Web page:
I only wish the one I bought had the joystick for the chute rather than cranking it
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Old 02-09-2013, 07:31 PM   #35
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Default Re: Most reliable snow blower?

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Old 02-09-2013, 07:31 PM   #36
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Default Re: Most reliable snow blower?

Quote:
Originally Posted by Greatwhitewing View Post
My POS Home Despot blower let me down again finding Nemo. I just had it serviced and wouldn't even sputter when I needed it most.

Looking for the best brand for reliability starting. Ariens seems to be pretty well reviewed.

Nothing better than going to the tool geeks though... I mean that in the best possible way..
If it was just serviced call whoever serviced it and get your money back. I work on the side as a mechanic and I would want to know if I failed or could help. Edit: I have a two stroke Toro I got for free because it wouldnt run. Used it the last two years.

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Old 02-09-2013, 07:41 PM   #37
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Default Re: Most reliable snow blower?

My 21 year old MTD with B&S engine is still going strong. It struggled today with 24in of wet snow but it got the job done. When this one dies I would like to get a used Honda. I would not be without my Honda generator, it never let me down yet.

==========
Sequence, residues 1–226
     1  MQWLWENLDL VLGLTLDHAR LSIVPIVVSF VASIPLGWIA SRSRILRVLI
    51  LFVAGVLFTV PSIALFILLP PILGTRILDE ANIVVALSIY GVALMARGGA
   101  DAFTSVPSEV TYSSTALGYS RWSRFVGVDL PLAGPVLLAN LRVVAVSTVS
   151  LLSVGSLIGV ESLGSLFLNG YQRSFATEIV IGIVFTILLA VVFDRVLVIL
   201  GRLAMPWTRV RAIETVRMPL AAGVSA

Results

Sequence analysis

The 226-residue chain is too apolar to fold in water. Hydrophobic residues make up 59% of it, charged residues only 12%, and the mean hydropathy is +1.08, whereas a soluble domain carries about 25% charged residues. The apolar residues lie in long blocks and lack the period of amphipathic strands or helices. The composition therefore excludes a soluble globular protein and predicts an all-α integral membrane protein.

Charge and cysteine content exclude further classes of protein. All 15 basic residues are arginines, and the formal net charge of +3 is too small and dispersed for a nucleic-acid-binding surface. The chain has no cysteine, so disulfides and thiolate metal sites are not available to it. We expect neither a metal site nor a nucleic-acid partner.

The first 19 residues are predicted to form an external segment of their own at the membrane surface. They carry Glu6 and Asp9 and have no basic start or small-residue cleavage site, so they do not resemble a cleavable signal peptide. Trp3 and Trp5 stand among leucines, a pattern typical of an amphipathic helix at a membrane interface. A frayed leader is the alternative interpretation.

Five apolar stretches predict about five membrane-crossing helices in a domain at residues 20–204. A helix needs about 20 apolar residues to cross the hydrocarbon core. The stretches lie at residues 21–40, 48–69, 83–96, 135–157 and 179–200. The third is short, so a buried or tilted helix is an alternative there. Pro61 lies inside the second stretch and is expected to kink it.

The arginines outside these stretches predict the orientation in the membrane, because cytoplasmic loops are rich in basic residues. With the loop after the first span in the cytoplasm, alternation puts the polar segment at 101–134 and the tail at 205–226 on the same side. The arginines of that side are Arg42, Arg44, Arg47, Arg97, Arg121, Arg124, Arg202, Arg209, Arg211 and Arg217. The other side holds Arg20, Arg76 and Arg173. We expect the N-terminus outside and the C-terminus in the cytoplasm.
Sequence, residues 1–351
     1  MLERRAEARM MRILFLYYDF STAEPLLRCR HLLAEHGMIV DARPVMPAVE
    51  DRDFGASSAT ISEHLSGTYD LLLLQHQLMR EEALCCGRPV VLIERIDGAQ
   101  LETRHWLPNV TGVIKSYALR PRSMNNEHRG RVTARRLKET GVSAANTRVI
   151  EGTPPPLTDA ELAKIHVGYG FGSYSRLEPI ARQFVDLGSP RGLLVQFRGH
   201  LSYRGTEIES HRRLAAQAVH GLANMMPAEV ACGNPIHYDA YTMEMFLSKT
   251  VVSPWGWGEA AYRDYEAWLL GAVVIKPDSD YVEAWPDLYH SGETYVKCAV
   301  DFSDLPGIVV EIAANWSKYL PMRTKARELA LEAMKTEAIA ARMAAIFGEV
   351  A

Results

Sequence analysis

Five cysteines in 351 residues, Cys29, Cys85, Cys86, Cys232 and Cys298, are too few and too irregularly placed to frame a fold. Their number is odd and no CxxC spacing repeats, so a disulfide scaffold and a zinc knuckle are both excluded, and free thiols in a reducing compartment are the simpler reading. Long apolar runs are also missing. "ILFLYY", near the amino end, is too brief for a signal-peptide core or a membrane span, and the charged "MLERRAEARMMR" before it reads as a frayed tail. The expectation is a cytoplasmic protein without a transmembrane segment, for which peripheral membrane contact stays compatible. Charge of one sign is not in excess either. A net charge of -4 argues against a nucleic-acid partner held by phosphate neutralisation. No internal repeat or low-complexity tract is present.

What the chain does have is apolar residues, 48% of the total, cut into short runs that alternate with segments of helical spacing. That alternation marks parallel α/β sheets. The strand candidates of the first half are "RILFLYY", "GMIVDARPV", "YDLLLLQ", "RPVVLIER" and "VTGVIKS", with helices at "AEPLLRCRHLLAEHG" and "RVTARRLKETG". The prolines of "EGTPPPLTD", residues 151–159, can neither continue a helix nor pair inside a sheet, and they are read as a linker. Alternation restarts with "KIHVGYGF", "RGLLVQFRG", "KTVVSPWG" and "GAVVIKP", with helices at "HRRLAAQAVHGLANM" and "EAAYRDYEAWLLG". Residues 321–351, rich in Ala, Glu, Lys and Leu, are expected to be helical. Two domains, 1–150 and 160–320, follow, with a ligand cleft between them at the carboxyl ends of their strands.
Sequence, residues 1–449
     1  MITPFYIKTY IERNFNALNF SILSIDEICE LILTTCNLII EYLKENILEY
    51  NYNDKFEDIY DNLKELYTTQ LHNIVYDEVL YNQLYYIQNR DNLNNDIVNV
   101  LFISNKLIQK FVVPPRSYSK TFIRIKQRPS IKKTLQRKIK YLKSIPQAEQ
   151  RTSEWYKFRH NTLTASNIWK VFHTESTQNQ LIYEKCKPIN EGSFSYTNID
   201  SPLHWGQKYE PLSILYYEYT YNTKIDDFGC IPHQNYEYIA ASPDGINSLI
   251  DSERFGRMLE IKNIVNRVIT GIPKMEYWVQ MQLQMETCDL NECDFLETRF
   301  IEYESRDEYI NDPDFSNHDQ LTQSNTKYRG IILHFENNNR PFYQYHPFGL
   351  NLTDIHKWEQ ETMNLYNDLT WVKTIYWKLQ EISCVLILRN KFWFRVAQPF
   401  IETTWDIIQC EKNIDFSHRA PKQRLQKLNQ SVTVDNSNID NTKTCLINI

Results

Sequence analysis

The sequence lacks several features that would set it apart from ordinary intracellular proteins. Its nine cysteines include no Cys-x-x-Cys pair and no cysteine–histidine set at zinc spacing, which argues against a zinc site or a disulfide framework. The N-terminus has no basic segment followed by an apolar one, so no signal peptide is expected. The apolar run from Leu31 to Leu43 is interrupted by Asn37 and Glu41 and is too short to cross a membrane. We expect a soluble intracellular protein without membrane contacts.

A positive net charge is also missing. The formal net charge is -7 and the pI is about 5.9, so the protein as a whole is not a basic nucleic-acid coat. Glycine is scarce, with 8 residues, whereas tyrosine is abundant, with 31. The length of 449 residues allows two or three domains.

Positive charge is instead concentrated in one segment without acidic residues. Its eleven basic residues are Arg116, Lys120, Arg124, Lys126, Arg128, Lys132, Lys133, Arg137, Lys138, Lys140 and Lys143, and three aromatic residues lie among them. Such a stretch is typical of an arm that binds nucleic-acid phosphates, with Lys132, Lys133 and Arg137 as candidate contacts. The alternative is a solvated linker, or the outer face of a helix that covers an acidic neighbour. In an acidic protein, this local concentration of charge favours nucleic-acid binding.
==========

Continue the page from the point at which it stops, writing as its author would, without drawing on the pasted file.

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Old 02-09-2013, 07:54 PM   #38
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Default Re: Most reliable snow blower?

Whatever one that you use fuel stabilizer in and run it out of gas if it'll be sitting more than a couple days. Seriously. I have an Ariens and would recommend that, a Toro or a higher end Simplicity.

My shovel is 100% reliable but it gets annual tune ups too (sharpen with flap wheel, wax, tighten any loose rivets or replace with stainless steel bolts & nyloc nuts...)
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Old 02-09-2013, 08:12 PM   #39
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Default Re: Most reliable snow blower?

Honda's are built like tanks but are WAY overpriced for what they are. Literally double the price of the higher end competition. Electric starts aren't standard across the model ranges like most other brands and infact aren't even offered on 2 stages until you hit $2800.00 price range, and they dont have other newer options like a differential or the ability to unlock an axle to pivot steer. For 1400-1600 you can get a really nice Ariens Platinum, electric start is standard and its got an automatic differential built into the axle so just a little turning pressure disengages one axle allowing turning on the spot. Simplicity is priced higher with the nice units starting around $1800 but they're easily built as well as a Honda with higher end Briggs engines and they pivot steer by a simple trigger system.

Quality wise of the chassis if Honda and Simplicity are a 10, Ariens are a solid 8, still leagues better than the common Craftsman, MTD and Murray units sold today.

I like Toro too but as stated their larger PowerMax models are all equipped with Chinese engines now.

Last edited by Skin; 02-09-2013 at 08:21 PM.
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Old 02-09-2013, 08:37 PM   #40
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Default Re: Most reliable snow blower?